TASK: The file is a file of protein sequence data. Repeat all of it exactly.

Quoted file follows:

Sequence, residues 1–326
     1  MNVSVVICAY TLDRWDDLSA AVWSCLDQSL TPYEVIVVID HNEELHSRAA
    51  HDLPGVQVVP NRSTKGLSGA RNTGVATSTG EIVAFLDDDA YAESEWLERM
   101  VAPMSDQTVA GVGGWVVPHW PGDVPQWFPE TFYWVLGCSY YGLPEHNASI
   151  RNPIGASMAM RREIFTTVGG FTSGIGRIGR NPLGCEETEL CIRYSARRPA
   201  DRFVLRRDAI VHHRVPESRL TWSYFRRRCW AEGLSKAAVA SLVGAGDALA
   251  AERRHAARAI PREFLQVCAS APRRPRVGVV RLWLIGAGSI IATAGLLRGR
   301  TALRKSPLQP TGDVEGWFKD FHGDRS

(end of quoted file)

Sequence, residues 1–326
     1  MNVSVVICAY TLDRWDDLSA AVWSCLDQSL TPYEVIVVID HNEELHSRAA
    51  HDLPGVQVVP NRSTKGLSGA RNTGVATSTG EIVAFLDDDA YAESEWLERM
   101  VAPMSDQTVA GVGGWVVPHW PGDVPQWFPE TFYWVLGCSY YGLPEHNASI
   151  RNPIGASMAM RREIFTTVGG FTSGIGRIGR NPLGCEETEL CIRYSARRPA
   201  DRFVLRRDAI VHHRVPESRL TWSYFRRRCW AEGLSKAAVA SLVGAGDALA
   251  AERRHAARAI PREFLQVCAS APRRPRVGVV RLWLIGAGSI IATAGLLRGR
   301  TALRKSPLQP TGDVEGWFKD FHGDRS